In other words, "Foo programming and Your language" are much less tightly connected than you may think. The library calls that you make do the actual work, and they are the same no matter what language you use. Graphics programming amounts to "just do the right library function calls at the right time".

 

A second point is "graphics". It's a very big area, not to mention huge insanely big. There is no book that covers all of it. If it would exist, I wouldn't recommend buying it, since it would be way to shallow to be of any value. In other words, it makes a lot of sense for you to pick a subset of "graphics" first before trying to find a book. A second possible approach is to focus on graphics only, and not so much on programming, since in the end, it's just a bunch of library calls that you do for "programming graphics". Even graphics on its own is a big field, of which I have little understanding, so I can't give you much guidance there.

 

You can also start at the other end. There are some popular libraries that are used often, like SDL2, SFML (both mostly 2D oriented afaik), and OpenGL (fully 3D). Windows has its own set of libraries, DirectX and maybe a few others (I don't know Windows).

Find the tutorials of them, and work through them. I wouldn't be surprised if that is enough to understand how to use that library. Beyond that, it becomes time to do some programming with the library for a game of your own.

 

- SDL2 and SFML  Stuff like that is what I mean for 2D graphics.  I've heard of SFML and I think I remember seeing a book about game development that uses that library/set of libraries.  I'd have to find it again.  But thank you for that.

Basically stuff like that is what I'm after.  To start with I'd like to learn to take basic sprite assets made in a paint program and make it all into a game with code.
You're right though, I have very little understanding of how general code and graphics libraries correlate.

I had to look it up to know SFML is an API.  It says its written in C++ with bindings for other languages.  I feel like an idiot saying this but I didn't know different programming languages could tie into each other in that way.

2 other things I wanted to bring up real quick.....

1.) I was googling some examples of game and graphics code with C++, and I noticed a few of them using the libraries
#include<graphics.h>   and   #include<conio.h>

Are those 2 libraries specifically related to graphics?  Well, graphics.h obviously, but that was just something I noticed them all using.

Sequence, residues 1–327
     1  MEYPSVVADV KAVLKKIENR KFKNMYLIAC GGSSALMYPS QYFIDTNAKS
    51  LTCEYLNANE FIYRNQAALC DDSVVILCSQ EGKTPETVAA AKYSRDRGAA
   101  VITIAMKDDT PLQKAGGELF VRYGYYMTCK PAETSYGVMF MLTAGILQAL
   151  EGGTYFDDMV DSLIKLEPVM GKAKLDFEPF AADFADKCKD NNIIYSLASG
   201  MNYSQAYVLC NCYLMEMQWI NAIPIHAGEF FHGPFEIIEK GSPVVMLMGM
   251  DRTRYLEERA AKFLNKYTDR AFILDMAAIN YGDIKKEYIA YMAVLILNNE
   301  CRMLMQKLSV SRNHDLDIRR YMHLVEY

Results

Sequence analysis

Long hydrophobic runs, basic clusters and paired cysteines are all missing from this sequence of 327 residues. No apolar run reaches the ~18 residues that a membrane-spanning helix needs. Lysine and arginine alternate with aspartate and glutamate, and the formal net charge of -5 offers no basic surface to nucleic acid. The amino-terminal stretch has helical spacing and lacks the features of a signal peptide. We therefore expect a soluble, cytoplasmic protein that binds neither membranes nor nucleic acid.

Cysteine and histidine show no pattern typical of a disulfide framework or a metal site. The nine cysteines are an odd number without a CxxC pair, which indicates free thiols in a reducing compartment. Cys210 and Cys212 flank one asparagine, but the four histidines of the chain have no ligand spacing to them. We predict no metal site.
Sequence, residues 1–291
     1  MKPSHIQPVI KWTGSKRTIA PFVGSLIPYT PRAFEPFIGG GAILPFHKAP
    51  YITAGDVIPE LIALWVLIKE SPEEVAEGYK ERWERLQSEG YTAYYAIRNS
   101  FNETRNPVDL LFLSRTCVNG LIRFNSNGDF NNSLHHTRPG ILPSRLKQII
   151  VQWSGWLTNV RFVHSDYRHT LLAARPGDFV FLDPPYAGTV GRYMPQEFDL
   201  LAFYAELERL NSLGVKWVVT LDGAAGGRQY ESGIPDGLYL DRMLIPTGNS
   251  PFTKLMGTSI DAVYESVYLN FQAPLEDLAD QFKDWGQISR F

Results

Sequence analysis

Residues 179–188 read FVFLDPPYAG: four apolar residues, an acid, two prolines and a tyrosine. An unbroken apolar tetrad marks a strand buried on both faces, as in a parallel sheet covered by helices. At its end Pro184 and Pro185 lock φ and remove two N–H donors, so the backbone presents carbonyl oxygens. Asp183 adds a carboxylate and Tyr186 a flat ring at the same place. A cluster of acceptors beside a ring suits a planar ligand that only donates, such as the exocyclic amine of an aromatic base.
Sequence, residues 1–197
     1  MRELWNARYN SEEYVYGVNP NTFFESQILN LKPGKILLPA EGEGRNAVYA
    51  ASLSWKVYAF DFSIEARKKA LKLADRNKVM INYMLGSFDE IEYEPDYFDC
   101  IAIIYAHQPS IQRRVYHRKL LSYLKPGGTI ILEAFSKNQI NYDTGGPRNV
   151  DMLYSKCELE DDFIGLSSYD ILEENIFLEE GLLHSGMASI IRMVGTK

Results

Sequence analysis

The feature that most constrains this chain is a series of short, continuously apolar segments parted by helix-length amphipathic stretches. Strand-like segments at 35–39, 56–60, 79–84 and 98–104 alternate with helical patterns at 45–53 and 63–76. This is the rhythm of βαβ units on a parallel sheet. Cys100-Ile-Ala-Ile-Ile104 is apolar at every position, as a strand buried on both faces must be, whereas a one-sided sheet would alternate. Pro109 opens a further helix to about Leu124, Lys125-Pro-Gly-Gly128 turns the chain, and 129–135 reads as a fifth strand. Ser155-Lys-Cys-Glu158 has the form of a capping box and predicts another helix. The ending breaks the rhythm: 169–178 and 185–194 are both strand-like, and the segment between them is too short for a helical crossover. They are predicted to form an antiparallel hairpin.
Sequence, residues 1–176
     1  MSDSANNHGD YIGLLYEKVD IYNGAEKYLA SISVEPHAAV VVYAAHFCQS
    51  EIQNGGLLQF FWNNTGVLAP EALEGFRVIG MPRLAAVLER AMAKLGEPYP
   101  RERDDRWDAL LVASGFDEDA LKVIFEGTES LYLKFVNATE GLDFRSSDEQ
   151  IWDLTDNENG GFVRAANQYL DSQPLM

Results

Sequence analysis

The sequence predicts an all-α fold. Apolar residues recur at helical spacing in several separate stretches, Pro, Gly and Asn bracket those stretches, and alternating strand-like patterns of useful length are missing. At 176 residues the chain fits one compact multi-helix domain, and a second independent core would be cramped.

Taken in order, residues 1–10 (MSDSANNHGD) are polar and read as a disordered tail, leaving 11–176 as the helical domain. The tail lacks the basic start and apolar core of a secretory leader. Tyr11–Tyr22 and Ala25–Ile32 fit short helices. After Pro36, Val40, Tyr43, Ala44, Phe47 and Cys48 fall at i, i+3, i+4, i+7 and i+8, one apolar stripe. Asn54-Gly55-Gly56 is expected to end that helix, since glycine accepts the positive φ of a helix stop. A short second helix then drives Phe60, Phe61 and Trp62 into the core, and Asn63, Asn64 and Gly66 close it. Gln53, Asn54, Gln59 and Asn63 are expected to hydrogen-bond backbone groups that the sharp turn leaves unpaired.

2.) A buddy of mine I used to talk to a lot had programmed some games and he still has the section of his website up that has source code examples.  You can go there and view some source code for them.  I think they're written in straight C though.
http://vazgames.com/retro/

But something I noticed about his 2D frogger demo is he didn't use any #include <graphics.h>.  It looks like its just using regular libraries.  His tank game does use OpenGL because its 3D.

But yea, I guess I'll start with the resources you provided Alberth.  Thank you for your help.


If you choose for directx as an API, I would suggest the DX11 boom from Frank D Luna. It assumes you know the basics of C++

 

ok, I'll check that one out.  Thanks for recommending it.

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WARNING!

Luna's work is good but his DX11 book is outdated to the point that you'll have a difficult time making use of it. He wrote that book back when DX11 was relatively young and then Microsoft decided to deprecate and/or forcefully disable a ton of stuff that it relied on. It's not really a good first experience for graphics programming, since it would make it very hard to understand if you screwed something up or if you're just having trouble with code that MS has broken.

That said, a lot of what's out there right now has the same problem.

I'm not certain, but I think the tutorials at RasterTek are up to date. http://www.rastertek.com/tutdx11.html

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I'm not certain, but I think the tutorials at RasterTek are up to date. http://www.rastertek.com/tutdx11.html

The RasterTek tutorials are fantastic for getting a handle on rendering. They haven't been updated for a year or so, but they'll give you a solid foundation to build on.

Once you've built that foundation then the ShaderX & GPU Gems series of books can really help you understand some more advanced rendering techniques.

Edited by Orangeatang

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WARNING!

Luna's work is good but his DX11 book is outdated to the point that you'll have a difficult time making use of it. He wrote that book back when DX11 was relatively young and then Microsoft decided to deprecate and/or forcefully disable a ton of stuff that it relied on. It's not really a good first experience for graphics programming, since it would make it very hard to understand if you screwed something up or if you're just having trouble with code that MS has broken.

That said, a lot of what's out there right now has the same problem.

I'm not certain, but I think the tutorials at RasterTek are up to date. http://www.rastertek.com/tutdx11.html

ok thanks.  I'll look into that too.  I think I have my work cut out for me now.